I started by throwing two Devil Dogs into the blender and then I topped it with some coffee liqueur and some whipped cream vodka. I put in some vanilla ice cream next, along with milk and some ice cubes. Then I blended. It came out a little less-thick than I wanted (and a little boozy), so I added in some more ice cream and ice and blended again. Perfect. I poured it into a glass lined with chocolate and then garnished it with half a devil dog on the brim. I’m not one that usually likes creamy frozen drinks, but this was actually really good. The Devil Dog got blended up so there were no noticeable chunks in the drink (which could have clogged up the straw). It had a nice milk shake kind of taste to it, but in an adult way. You could still taste the booze but just enough. It was creamy, cold and refreshing. I kind of impressed myself. Lola liked it too, but she was not in a spot where she wanted a frozen, sweet drink which I totally understood. You kind of have to be in the mood. Still, she agreed it was tasty. She said it felt like a frozen drink you would get at Fridays which was kind of the taste I was going for. I have to patent this.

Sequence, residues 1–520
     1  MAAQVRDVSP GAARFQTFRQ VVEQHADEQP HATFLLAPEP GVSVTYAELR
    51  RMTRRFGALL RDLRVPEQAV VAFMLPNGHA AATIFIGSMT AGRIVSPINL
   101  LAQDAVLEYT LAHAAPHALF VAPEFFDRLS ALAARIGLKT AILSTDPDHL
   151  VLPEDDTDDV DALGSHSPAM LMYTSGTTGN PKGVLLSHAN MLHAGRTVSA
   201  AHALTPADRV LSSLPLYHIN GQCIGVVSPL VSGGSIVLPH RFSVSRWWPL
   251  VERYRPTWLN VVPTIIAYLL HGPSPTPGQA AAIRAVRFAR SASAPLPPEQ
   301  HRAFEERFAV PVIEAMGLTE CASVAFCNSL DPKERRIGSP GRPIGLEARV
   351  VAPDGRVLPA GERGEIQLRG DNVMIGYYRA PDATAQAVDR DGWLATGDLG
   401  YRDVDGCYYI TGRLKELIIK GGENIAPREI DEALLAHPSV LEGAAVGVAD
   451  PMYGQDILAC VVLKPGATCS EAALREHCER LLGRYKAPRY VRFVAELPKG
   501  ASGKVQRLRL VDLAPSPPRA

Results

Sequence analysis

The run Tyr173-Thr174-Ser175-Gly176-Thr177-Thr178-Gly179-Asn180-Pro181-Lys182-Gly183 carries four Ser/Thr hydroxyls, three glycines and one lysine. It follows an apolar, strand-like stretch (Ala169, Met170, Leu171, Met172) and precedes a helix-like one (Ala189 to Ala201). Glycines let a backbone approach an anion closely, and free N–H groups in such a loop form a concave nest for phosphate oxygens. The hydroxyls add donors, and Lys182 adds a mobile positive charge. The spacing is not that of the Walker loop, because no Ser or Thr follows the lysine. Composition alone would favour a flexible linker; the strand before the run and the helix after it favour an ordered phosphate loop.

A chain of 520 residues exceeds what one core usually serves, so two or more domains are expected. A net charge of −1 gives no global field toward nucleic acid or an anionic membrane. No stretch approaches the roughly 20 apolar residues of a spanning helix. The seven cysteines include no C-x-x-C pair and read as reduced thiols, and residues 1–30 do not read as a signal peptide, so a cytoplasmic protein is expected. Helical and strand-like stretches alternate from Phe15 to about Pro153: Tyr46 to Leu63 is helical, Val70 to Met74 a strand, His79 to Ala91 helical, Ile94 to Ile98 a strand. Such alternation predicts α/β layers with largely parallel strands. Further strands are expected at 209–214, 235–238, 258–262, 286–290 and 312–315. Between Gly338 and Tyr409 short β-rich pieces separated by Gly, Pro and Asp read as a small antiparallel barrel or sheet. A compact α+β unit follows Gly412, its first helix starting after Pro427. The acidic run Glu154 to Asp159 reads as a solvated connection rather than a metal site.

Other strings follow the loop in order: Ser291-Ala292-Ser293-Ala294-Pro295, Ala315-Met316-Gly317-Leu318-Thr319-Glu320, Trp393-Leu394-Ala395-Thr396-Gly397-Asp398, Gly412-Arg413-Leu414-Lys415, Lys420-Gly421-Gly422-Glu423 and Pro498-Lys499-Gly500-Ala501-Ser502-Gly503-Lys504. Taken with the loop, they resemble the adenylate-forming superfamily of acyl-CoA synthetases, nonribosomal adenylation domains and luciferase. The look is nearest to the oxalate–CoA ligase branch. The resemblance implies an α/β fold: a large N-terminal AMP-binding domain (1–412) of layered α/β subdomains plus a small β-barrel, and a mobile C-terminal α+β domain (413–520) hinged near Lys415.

I realized that drinking my Devil’s Food Cake might not be appropriate for celebrating so to make sure, later in the night, I had just a plain ol’ Devil Dog. They still come individually wrapped and that’s kind of the whole experience – unwrapping it and licking off any of the cream that seeped out. The cake is really moist and chocolatey too. It’s tasty. There is an element of mass-produced cake to the taste which you would expect, but it was still good. The cream was sweet and light and balanced the chocolate. Plus the cream went from end to end, so you had a bite of it in every bite you took. It’s just a good little snack cake. It was probably a big hit when it hit the streets in 1926 and it still delivers that taste of simple joy in a pinch.
Although I didn’t spend all morning in my kitchen baking an elaborate cake, I still think I gave Devil’s Food Cake a good celebration. I celebrated the joy they bring and I saluted probably one of the most well-known makers of this particular cake. Maybe you turn your nose up at the bakery products that are mass produced and sold at convenience stores, but you should appreciate them for what they are. Drake’s have a long history in America and that’s a tradition that deserves to be recognized. Every package for the last one hundred years has brought sweetness and joy to the purchaser and that’s how any cake should be enjoyed. Plus I got to make a Twinkie Drink®. The Frozen Devil may not catch on right away, but when history unfolds and the folks in the latter part of this century are all abuzz about the joy of the Frozen Devil, let history show that is was created in my kitchen on a very hot day in May and was made in celebration of National Devil’s Food Cake Day. I’ve left my mark. Let the balloons drop now.
Next up: National Quiche Lorraine Day